Grain traders are having difficulties forecasting global wheat prices as a flourishing Russian wheat crop is affecting the market at the same time with dry weather woes in Europe, Farmers Weekly reports.
According to data by the International Grains Council (IGC), world wheat production for 2019-20 is predicted to rise by 3million tons. Much of that is due to a 2.4million ton increase in the Russian crop which could yield 79.5million tons, an increase of more than 10% on 2018.
The Council’s revised estimate for global production is now 762million tons compared with 735million tons last year.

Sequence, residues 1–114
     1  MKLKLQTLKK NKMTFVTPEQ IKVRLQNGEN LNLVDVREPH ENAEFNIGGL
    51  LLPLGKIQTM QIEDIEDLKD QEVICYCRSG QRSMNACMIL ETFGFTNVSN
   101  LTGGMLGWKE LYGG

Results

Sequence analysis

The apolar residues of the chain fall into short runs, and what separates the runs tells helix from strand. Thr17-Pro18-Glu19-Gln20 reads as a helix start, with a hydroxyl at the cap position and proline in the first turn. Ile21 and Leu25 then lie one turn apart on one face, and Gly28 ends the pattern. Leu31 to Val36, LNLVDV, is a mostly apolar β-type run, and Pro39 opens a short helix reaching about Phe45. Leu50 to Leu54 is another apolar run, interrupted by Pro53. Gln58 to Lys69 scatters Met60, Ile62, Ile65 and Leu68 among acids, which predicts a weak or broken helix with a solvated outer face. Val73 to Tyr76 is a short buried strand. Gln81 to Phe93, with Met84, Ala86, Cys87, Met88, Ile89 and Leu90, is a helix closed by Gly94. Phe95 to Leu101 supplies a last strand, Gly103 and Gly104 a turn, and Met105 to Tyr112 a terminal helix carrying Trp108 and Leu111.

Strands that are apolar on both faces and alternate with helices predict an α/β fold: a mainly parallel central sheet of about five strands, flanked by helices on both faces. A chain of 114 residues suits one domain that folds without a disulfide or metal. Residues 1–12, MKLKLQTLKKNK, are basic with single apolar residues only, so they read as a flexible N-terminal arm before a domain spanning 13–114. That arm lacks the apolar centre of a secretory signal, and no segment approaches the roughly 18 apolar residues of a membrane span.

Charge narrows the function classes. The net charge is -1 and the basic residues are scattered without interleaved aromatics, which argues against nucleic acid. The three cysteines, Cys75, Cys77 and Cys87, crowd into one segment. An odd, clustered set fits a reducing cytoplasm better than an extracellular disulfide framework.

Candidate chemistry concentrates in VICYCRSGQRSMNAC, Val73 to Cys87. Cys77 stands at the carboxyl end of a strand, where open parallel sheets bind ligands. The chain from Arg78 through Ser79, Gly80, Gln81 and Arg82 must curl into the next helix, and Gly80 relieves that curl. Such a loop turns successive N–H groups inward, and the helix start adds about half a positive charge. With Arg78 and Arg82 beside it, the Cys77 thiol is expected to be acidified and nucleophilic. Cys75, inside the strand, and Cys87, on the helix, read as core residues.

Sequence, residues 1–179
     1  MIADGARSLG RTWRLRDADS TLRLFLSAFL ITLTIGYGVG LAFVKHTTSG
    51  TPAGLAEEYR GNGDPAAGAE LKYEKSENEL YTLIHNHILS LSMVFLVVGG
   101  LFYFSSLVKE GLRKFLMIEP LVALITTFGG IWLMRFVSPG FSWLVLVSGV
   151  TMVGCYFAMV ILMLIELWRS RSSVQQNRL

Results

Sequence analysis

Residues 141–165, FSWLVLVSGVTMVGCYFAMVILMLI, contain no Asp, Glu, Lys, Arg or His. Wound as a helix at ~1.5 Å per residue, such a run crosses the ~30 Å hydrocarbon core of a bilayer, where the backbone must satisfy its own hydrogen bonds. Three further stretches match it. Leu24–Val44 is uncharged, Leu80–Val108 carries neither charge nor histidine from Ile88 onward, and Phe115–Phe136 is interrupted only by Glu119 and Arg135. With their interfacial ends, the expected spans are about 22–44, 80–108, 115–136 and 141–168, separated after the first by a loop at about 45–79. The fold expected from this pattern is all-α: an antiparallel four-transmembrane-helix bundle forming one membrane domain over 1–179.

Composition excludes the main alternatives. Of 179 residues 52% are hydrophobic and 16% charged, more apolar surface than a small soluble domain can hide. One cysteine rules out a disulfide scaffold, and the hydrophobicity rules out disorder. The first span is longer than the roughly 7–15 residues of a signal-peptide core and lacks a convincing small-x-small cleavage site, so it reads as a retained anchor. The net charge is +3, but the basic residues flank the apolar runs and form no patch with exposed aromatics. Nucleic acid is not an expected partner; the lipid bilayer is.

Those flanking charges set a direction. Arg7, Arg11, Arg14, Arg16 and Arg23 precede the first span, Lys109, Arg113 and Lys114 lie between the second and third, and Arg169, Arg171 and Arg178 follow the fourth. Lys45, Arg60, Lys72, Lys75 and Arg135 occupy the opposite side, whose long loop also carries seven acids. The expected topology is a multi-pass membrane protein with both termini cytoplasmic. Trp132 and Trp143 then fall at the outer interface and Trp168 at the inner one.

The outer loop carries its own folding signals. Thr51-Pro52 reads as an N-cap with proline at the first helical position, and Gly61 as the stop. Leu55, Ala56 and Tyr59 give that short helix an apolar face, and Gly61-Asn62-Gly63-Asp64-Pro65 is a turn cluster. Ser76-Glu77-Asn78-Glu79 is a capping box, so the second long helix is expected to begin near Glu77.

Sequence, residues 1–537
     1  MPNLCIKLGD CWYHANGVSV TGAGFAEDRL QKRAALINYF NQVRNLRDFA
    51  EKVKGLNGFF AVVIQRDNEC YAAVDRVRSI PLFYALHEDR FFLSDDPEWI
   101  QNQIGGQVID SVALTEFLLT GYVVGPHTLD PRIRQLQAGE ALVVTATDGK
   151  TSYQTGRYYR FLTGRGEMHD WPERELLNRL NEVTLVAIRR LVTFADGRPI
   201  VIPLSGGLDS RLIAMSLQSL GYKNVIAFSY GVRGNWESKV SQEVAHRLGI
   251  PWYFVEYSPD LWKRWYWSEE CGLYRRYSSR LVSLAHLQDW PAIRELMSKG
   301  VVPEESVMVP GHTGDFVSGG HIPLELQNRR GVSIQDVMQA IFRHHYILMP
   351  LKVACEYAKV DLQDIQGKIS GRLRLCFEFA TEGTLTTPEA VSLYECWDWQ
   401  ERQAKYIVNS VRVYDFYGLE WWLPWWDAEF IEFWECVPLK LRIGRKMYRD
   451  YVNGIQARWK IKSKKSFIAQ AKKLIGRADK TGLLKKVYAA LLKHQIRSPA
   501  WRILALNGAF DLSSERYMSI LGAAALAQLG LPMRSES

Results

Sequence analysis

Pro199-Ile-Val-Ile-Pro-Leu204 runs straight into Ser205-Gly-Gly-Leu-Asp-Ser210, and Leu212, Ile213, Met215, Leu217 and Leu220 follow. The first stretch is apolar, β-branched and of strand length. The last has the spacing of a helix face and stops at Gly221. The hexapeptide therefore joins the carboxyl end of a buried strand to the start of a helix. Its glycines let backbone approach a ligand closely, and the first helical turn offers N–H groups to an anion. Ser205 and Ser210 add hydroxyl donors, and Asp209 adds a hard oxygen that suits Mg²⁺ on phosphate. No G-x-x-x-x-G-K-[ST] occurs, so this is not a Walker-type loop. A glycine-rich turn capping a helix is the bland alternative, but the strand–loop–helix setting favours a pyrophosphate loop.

New crop values had fallen on the back of those figures, said Fengrain managing director Rob Munro, as milder-than-average weather in Russia had cut winter kill levels in wheat crops.
The following dry spring added to prospects of a significant increase in the crop, allowing cultivations to go ahead earlier and on a wider scale, Munro said.
And yet the continuing dry conditions across a swathe of EU countries could still result in yield losses that would then firm up new crop prices, he added.
According to AHDB Cereals, global grains have continued to fall with a general downturn in markets.
“There have been across-the-board losses for both old and new crop futures as expectations for a better supplied 2019-20 have been mounting,” said AHDB Cereals analyst Peter Collier.